March 10 (Bloomberg) -- Coffee farmers in Vietnam, the world’s largest producer of the robusta variety used to make instant drinks, sold 55 percent of their 2013-14 crop as local and futures prices rose, according to Volcafe Ltd.
Vietnamese coffee prices gained 18 percent in the local market this year as futures advanced and growers initially held back supplies, slowing exports, data from the Daklak Trade & Tourism Center on Bloomberg showed. Farmers in the Southeast Asian nation had sold 35 percent to 40 percent of the crop by Feb. 21, down from 53 percent a year earlier, Volcafe, a unit of ED&F Man Holdings Ltd., said in a report e-mailed that day.
Trading saw “another active week in Vietnam, with strong physical supplies of farmers and agents selling large volumes at rising local prices,” Winterthur, Switzerland-based Volcafe said in a report e-mailed on March 7. “Good volumes of the consignment stocks with exporters were fixed.”
Robusta coffee futures traded on NYSE Liffe in London gained 26 percent this year, with prices boosted by an 81 percent advance in arabica beans, the kind favored by Starbucks Corp. Vietnamese farmers have also been holding back supplies at a time stockpiles in warehouses monitored by the exchange are at their lowest level since at least 2002.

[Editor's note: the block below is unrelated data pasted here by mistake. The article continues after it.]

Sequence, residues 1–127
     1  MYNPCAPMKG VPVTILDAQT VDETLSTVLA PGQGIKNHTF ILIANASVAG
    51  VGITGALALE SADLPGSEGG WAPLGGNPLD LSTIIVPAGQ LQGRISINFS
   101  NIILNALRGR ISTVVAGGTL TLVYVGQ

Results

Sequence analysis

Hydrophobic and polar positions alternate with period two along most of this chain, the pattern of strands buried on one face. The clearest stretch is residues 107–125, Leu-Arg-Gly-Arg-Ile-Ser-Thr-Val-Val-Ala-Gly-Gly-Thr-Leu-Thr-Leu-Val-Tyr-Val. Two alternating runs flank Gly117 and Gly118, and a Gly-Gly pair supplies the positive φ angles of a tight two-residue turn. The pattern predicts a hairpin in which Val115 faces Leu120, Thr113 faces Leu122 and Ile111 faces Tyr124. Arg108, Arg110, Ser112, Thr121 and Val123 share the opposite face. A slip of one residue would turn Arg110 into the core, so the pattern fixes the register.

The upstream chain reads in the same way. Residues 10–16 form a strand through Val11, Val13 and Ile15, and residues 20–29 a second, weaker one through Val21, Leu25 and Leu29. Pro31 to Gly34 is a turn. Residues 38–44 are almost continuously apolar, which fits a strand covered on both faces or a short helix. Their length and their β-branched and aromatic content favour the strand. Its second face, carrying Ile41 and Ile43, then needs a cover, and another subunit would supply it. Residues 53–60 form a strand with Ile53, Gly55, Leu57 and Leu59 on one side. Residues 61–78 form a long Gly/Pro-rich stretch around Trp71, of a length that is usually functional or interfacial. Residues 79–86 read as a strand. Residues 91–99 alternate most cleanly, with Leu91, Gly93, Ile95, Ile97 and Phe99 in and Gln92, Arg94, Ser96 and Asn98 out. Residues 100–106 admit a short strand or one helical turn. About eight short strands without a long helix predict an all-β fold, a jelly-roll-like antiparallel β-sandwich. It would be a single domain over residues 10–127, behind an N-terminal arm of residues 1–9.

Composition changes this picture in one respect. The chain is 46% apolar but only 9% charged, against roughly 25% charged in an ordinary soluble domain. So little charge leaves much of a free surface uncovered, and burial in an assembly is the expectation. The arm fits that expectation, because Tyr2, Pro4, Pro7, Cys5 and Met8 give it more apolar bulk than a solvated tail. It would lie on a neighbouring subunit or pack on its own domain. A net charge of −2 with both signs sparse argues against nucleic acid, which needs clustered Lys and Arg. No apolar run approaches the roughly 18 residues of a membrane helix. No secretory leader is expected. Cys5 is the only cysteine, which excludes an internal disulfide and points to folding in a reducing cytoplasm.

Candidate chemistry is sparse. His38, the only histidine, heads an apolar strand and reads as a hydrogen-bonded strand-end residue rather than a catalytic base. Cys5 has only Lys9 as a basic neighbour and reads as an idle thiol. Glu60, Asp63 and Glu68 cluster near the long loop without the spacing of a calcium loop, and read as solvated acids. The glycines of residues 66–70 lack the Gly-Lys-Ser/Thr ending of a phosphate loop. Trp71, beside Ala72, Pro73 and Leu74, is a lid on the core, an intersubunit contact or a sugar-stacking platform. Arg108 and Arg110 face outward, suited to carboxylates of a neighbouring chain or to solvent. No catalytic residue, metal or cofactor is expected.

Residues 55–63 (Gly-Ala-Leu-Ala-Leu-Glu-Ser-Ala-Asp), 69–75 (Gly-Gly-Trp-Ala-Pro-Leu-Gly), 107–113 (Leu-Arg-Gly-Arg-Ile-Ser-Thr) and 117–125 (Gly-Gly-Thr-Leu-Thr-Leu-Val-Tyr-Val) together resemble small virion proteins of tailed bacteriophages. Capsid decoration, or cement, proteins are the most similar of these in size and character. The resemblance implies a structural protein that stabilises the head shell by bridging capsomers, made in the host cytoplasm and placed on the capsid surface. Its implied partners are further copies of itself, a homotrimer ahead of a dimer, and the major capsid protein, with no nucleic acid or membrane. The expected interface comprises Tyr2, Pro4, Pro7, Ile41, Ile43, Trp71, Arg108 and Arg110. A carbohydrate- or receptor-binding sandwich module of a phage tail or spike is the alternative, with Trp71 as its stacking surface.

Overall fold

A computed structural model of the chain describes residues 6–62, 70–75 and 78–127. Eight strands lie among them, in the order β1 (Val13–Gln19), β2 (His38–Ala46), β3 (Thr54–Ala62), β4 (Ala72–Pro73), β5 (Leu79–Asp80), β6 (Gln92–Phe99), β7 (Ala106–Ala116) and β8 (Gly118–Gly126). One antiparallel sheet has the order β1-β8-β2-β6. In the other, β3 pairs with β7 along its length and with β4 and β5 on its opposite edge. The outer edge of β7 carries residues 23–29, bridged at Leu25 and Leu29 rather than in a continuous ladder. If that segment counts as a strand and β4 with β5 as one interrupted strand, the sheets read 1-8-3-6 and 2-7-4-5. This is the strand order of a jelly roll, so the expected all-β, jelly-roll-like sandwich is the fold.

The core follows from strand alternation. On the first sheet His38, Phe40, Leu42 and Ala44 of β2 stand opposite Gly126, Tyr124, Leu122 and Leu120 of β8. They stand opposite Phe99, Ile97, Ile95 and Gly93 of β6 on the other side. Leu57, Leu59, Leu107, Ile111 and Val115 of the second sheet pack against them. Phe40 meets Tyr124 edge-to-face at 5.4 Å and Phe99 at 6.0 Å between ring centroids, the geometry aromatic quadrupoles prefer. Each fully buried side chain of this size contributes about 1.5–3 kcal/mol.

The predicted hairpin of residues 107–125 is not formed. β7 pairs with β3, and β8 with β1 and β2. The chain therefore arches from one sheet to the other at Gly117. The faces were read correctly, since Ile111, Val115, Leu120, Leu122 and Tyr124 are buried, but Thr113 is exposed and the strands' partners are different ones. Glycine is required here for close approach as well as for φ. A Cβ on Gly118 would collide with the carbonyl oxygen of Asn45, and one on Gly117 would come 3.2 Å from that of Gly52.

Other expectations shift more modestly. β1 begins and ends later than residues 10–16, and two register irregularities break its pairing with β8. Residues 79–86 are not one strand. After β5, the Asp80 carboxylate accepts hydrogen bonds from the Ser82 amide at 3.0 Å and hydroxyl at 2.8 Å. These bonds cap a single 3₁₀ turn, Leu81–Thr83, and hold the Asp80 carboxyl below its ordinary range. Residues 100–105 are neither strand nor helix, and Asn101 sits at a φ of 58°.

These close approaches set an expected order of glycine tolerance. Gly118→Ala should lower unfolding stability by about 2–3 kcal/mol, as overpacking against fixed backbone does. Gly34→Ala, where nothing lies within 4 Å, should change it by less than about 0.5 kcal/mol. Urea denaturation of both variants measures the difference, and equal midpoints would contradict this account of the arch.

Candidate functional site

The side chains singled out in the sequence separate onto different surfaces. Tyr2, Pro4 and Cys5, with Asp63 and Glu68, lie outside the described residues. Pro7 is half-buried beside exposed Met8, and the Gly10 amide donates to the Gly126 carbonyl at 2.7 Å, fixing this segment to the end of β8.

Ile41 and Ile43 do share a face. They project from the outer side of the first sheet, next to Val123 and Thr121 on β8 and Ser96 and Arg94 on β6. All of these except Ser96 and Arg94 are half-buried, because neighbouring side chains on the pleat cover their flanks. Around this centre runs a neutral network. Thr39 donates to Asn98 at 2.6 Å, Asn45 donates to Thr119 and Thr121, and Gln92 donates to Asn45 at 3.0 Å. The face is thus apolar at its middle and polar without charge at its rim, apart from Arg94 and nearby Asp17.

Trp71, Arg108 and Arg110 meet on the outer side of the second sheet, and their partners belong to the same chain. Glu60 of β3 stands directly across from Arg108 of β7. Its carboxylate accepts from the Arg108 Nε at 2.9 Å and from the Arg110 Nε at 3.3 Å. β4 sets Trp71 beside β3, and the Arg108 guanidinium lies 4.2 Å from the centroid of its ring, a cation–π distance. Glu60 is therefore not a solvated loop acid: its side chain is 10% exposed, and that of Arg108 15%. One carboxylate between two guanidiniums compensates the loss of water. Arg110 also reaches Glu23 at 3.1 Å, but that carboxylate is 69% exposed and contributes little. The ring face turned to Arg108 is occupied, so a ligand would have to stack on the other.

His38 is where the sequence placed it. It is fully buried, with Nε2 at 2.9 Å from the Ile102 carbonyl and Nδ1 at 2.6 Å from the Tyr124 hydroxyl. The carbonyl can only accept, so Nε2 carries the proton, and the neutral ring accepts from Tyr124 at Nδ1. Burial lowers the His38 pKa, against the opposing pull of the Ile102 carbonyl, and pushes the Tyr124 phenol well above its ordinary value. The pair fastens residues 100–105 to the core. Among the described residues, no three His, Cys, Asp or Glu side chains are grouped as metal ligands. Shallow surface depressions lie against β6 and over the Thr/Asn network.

In the export market, Vietnamese beans for shipment in April and May were trading at a discount of $50 a metric ton to the exchange price, according to Volcafe. That’s unchanged from a week earlier, data from the trader showed.
“Export demand remains brisk for nearby as well as forward spreads,” Volcafe said. “Huge volume was exported in the last week of February,” it said, estimating shipments at 2.25 million bags in the month. A bag of coffee weighs 132 pounds.
In Indonesia, the world’s third-biggest robusta coffee grower, deliveries from farms slowed to 1,500 tons to 1,700 tons last week, data from the trader showed. That compares with 2,300 tons to 2,500 tons a week earlier.
“Parts of the fly crop and old crop are still in interior, with limited volume,” Volcafe said, referring to a crop that usually peaks in December or January and the last main crop. “The harvest is not expected before beginning of April from the lowland and in May/June from the highland.”
Indonesian beans for shipment in April and May were trading at a premium of $40 a ton to the exchange price, down from $55 a ton a week earlier, Volcafe data showed. Premiums and discounts in the physical market usually move in opposite directions to futures, which gained 2.7 percent last week.
“Worries about a lack of supply keeps exporters reluctant to offer,” Volcafe said. “We continue to hear estimates that the crop will be about 30 percent lower versus last crop.”
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